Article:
01 Nov Penguin 4.0 is Here. Here’s What You Need to Know
For months, SEO experts have suspected that something fishy was going on in Google-land. Now, after months of playing coy, Google has finally rolled out its latest algorithm update, which the SEO community has dubbed “Penguin 4.0.” If your marketing strategy includes any kind of Search Engine Optimization, it’s vital for you to understand how the update will affect your search engine rankings, your conversions, and ultimately, your sales.
Back to Basics: What is Penguin?
If you’re new to the world of search engines and SEO in general, allow us to back up. In the days of old—2011 and prior—the internet was a frustrating place. Sites could, and did, achieve higher search rankings by using scummy tactics like populating entire pages with links or churning out useless, poorly-written content.
Google’s first major algorithm update, Panda, changed all that. It dramatically overhauled the way Google evaluated search quality, penalizing sites that posted spammy content and rewarding those that offered rich, valuable content. A year later, Google unrolled Penguin, which aimed to do the same as Panda, only with links. Suddenly, sites with low-quality links were penalized, and sites with strong inbound link profiles were rewarded.
Since then, Penguin has seen a few minor updates—but Penguin 2.0 and 3.0 were nowhere near as significant as the 4.0 version. Below are three of the biggest changes.
Penguin 4.0’s Top 3 Updates
Here’s what’s different in the SEO world now that Penguin 4.0 is here.
- Constant refreshing. Before, if a website uploaded spammy or manipulative links, it could be weeks or months until the faux-pas was caught by Penguin’s crawlers. Now, Penguin is refreshing itself constantly, meaning that guilty sites will be caught and penalized almost immediately. On the flip side, those who are attempting to remove a Penguin-imposed penalty won’t have to wait until the next refresh to restore their rankings and seek a second chance.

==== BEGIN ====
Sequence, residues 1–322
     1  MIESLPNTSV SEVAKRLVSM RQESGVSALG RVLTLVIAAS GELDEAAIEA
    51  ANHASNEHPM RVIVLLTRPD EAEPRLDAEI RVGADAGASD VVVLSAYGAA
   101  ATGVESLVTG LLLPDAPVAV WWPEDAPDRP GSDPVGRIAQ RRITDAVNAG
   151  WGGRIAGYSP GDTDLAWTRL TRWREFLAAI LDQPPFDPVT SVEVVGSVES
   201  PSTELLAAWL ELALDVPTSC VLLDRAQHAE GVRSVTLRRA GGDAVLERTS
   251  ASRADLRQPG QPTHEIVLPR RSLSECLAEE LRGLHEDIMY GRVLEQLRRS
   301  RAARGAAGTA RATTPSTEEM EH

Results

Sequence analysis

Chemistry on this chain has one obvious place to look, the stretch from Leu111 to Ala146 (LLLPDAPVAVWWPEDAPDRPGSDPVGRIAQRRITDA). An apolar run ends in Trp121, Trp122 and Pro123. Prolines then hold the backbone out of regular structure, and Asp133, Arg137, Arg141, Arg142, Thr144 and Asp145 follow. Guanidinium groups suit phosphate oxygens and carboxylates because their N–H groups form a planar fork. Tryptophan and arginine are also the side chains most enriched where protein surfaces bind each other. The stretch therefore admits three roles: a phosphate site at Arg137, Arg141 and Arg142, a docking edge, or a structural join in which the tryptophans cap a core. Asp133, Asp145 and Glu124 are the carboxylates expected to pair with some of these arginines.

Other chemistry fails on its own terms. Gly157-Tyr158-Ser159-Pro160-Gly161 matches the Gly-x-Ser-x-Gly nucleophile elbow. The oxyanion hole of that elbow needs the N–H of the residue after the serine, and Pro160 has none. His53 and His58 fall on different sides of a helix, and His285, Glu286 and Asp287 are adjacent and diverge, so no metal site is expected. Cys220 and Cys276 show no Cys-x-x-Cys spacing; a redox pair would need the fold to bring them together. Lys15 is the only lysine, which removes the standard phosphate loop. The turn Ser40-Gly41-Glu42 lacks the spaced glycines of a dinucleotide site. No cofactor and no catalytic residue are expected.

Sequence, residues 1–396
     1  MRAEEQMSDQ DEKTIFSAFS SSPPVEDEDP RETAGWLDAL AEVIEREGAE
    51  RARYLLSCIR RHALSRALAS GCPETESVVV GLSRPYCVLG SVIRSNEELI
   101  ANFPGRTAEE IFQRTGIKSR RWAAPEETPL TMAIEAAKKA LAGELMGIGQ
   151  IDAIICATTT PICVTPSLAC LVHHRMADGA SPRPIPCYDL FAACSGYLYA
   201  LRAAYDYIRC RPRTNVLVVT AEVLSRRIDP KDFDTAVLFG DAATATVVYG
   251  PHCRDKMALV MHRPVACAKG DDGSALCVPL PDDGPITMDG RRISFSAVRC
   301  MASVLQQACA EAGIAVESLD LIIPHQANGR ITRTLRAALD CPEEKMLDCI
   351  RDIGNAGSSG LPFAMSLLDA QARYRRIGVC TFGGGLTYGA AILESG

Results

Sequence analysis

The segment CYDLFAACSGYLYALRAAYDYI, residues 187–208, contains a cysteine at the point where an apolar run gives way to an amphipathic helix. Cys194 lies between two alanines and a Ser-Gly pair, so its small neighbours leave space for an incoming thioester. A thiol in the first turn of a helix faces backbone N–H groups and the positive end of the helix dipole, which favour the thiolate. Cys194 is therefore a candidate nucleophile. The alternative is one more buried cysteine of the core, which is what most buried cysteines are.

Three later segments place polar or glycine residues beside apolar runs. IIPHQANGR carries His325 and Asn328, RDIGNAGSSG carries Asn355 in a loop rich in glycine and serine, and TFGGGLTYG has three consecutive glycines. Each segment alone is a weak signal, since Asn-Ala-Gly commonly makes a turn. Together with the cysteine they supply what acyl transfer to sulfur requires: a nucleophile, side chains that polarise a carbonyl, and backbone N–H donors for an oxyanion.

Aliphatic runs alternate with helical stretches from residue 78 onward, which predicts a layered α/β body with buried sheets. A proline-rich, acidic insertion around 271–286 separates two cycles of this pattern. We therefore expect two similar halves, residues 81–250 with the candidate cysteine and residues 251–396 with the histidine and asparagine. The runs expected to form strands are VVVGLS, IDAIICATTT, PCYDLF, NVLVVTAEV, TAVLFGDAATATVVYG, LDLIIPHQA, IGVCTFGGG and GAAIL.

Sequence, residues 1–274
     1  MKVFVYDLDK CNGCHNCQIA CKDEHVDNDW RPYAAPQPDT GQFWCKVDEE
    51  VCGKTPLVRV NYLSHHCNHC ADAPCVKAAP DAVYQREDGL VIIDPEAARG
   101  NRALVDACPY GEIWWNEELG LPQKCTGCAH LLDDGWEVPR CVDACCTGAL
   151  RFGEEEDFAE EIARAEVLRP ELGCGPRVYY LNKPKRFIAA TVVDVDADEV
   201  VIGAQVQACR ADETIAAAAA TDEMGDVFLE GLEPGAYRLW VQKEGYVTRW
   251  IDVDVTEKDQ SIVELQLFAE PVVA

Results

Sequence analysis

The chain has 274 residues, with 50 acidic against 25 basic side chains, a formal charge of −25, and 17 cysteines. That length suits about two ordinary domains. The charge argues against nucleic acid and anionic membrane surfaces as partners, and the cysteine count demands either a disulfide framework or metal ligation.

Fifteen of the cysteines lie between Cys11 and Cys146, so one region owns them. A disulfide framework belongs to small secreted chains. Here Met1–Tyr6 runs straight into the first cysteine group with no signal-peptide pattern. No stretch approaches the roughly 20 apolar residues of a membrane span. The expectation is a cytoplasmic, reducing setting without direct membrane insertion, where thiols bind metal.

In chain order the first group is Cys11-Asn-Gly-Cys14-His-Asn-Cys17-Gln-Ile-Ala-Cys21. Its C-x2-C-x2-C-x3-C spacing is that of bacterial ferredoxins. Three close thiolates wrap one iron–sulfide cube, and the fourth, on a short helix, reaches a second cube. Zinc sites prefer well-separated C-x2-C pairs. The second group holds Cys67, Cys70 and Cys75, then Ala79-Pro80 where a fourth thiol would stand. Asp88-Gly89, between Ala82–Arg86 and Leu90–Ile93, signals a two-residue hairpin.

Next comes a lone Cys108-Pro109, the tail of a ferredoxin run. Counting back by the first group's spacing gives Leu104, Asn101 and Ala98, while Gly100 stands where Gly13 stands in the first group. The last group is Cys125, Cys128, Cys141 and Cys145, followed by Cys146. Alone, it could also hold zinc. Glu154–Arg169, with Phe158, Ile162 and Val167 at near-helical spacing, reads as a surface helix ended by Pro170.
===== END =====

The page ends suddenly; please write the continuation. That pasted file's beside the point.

- No more full-domain penalties. Previously, Google used spam indicators to flag entire websites as worthy of penalty. For example, if a webmaster built a low-quality link pointing to a landing page, the entire domain’s rankings would tank across the board. Now, individual pages will be penalized, and the website as a whole will remain safe.
- Full incorporation into Google’s core algorithm. This latest update integrates Penguin into dozens of other separate algorithms that all function together to evaluate a site’s value. This integration will doubtlessly make Penguin more smooth and efficient.
So, What’s it to Me?
Ultimately, Penguin 4.0 means two very important things:
- Black Hat SEO users will be caught and punished more quickly.
- Black Hat SEO users will be forgiven more easily.
Now, hopefully, your marketing company isn’t using any Black Hat SEO tactics in the first place. In that case, you don’t have anything to worry about. Google wants you to play by the rules—so play by the rules, and you’ll have nothing to fear.
Mainly, the new update offers an impetus to check your link building practices. Are your links leading to high-authority sites that will lend you valuable credibility? Are you using appropriate anchor text and embedding your links in well-written, well-researched content? Will your target audience find your links useful? This update will help SEO experts analyze their current practices and take their optimization techniques to the next level.
In other words, SEO experts simply have all the more reason to take time and care when building websites, aiming to tell their brands’ stories via data-driven content, research, and industry knowledge. Another plus? This huge change in the SEO world means that the demand for quality link building services will only increase in upcoming years—great news for marketing companies and their clients. If you do make an SEO mistake, real-time updates mean you will be able to quickly fix the violation. Eventually, Black Hat SEO techniques will slowly become obsolete, which is exactly what Google wants in the first place.